Debilitating illnesses are monsters -- terrifying, relentless thieves of physical strength, mental acuity, emotional stamina, and spiritual well being – as well as often draining the gifts and talents of the caregivers.
They are like a final exam for which we know we are not prepared – no matter how we cram for it. They test all we believe, know and hope.
Is it a right to skip out of such an exam?
Having the freedom to choose release from the grip of illness is an on-going debate in legislatures, in families, and amongst friends.
We can keep many people alive – often minimizing their pain but never restoring the attributes that made them the wonderful souls we loved – their wit, their wisdom, and winsomeness. I don’t believe anybody wants that for themselves or for the folks who care for them.
A long-time and dear friend Richard Israel has battled Parkinson’s disease for many years. He is asking legislators in the Maryland General Assembly to pass a bill – Death with Dignity.
"Richard E. Israel, 72, spent more than two decades behind the scenes in Annapolis guiding lawmakers. Now he plans to spend his final months alive lobbying them from afar, advocating for the right to die when he chooses, a final act of control over a disease that robbed him of it.
. . .
It's about having a choice for others, not just for me,’ Israel said, each word taking a full second to articulate. ‘Death is inevitable. The question is when and how.’”*
For those who face death on beds of increasing, inescapable incapacity, and their loved ones, what comfort can those who believe God is in charge of life and death offer? How do we welcome our own death, while being willing to live each moment that God allots us?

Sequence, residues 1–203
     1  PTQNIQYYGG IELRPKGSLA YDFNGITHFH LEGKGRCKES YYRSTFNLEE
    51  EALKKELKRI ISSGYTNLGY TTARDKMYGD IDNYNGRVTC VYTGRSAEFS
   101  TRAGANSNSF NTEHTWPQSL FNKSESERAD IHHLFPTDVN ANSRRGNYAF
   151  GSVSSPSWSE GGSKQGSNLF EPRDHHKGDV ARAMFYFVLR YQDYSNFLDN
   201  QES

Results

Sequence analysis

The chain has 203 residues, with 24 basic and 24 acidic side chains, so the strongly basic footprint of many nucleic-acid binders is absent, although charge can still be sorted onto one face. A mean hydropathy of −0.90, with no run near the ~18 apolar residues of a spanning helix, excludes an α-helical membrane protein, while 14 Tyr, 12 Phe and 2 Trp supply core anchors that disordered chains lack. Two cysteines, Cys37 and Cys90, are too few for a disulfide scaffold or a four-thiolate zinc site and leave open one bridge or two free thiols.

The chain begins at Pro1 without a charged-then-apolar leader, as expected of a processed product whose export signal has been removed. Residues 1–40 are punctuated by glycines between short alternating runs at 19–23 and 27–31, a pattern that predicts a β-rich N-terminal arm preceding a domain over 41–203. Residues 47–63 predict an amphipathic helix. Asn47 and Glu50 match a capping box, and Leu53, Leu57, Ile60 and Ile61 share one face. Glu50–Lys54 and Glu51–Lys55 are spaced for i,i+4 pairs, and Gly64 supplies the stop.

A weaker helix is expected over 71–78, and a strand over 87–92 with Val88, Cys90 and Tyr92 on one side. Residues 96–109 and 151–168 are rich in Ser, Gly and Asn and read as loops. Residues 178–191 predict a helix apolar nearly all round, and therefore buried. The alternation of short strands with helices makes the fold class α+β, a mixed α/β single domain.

Knowing I might be so tested – seeing one I admire and love, so tested -- takes the debate from political, theological to personal.
Joni Eareckson Tada has said we must not end life, nor prevent death – black and white positions that may yield many gray areas.**
Gray areas are the very reason prayer to the God who hears and sees is our only hope. For Richard, for Maryland, for us all --
Almighty God our heavenly Father, send down upon those who hold office in this State (Maryland) the spirit of wisdom, charity, and justice; that with steadfast purpose they may faithfully serve in their offices to promote the well-being of all people; through Jesus Christ our Lord. Amen. For Local Government, from the Book of Common Prayer
** On Assisted Suicide by J.E. Tada
Who is Dick Israel? -- A Friend and A Fine Man and Public Servant
from a former Blog:
Reviewing a Book Not Quite Finished -- Tim Keller’s Walking with God Through Pain and Suffering